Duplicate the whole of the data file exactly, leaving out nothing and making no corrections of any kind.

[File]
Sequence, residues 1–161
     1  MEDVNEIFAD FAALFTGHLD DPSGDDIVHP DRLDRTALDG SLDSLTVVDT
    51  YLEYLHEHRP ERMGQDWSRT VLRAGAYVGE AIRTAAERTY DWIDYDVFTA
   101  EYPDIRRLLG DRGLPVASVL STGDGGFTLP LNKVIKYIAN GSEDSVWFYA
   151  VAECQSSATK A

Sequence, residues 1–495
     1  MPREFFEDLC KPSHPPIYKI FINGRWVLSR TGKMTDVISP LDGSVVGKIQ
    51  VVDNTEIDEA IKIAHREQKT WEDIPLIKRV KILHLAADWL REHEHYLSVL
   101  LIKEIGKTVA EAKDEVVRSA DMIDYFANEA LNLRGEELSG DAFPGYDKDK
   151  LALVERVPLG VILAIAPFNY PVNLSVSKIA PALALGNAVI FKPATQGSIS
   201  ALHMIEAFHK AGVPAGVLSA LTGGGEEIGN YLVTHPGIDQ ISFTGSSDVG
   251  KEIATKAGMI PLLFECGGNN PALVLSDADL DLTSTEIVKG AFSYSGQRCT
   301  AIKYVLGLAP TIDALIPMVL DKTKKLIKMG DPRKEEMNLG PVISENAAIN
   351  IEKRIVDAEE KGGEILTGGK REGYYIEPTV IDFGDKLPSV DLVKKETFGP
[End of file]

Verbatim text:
Sequence, residues 1–161
     1  MEDVNEIFAD FAALFTGHLD DPSGDDIVHP DRLDRTALDG SLDSLTVVDT
    51  YLEYLHEHRP ERMGQDWSRT VLRAGAYVGE AIRTAAERTY DWIDYDVFTA
   101  EYPDIRRLLG DRGLPVASVL STGDGGFTLP LNKVIKYIAN GSEDSVWFYA
   151  VAECQSSATK A

Sequence, residues 1–495
     1  MPREFFEDLC KPSHPPIYKI FINGRWVLSR TGKMTDVISP LDGSVVGKIQ
    51  VVDNTEIDEA IKIAHREQKT WEDIPLIKRV KILHLAADWL REHEHYLSVL
   101  LIKEIGKTVA EAKDEVVRSA DMIDYFANEA LNLRGEELSG DAFPGYDKDK
   151  LALVERVPLG VILAIAPFNY PVNLSVSKIA PALALGNAVI FKPATQGSIS
   201  ALHMIEAFHK AGVPAGVLSA LTGGGEEIGN YLVTHPGIDQ ISFTGSSDVG
   251  KEIATKAGMI PLLFECGGNN PALVLSDADL DLTSTEIVKG AFSYSGQRCT
   301  AIKYVLGLAP TIDALIPMVL DKTKKLIKMG DPRKEEMNLG PVISENAAIN
   351  IEKRIVDAEE KGGEILTGGK REGYYIEPTV IDFGDKLPSV DLVKKETFGP